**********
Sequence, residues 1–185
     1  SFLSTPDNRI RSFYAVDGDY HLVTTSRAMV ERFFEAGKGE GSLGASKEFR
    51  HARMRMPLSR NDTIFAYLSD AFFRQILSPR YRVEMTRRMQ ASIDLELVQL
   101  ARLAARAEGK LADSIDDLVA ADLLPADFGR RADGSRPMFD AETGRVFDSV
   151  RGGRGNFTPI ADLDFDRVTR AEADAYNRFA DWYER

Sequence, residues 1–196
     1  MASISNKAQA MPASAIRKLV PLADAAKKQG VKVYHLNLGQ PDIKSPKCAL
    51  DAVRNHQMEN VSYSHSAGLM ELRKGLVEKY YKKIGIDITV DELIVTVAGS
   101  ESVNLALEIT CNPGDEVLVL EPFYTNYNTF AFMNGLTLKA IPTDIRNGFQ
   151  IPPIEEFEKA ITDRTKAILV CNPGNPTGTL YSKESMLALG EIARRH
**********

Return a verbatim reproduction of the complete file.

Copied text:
Sequence, residues 1–185
     1  SFLSTPDNRI RSFYAVDGDY HLVTTSRAMV ERFFEAGKGE GSLGASKEFR
    51  HARMRMPLSR NDTIFAYLSD AFFRQILSPR YRVEMTRRMQ ASIDLELVQL
   101  ARLAARAEGK LADSIDDLVA ADLLPADFGR RADGSRPMFD AETGRVFDSV
   151  RGGRGNFTPI ADLDFDRVTR AEADAYNRFA DWYER

Sequence, residues 1–196
     1  MASISNKAQA MPASAIRKLV PLADAAKKQG VKVYHLNLGQ PDIKSPKCAL
    51  DAVRNHQMEN VSYSHSAGLM ELRKGLVEKY YKKIGIDITV DELIVTVAGS
   101  ESVNLALEIT CNPGDEVLVL EPFYTNYNTF AFMNGLTLKA IPTDIRNGFQ
   151  IPPIEEFEKA ITDRTKAILV CNPGNPTGTL YSKESMLALG EIARRH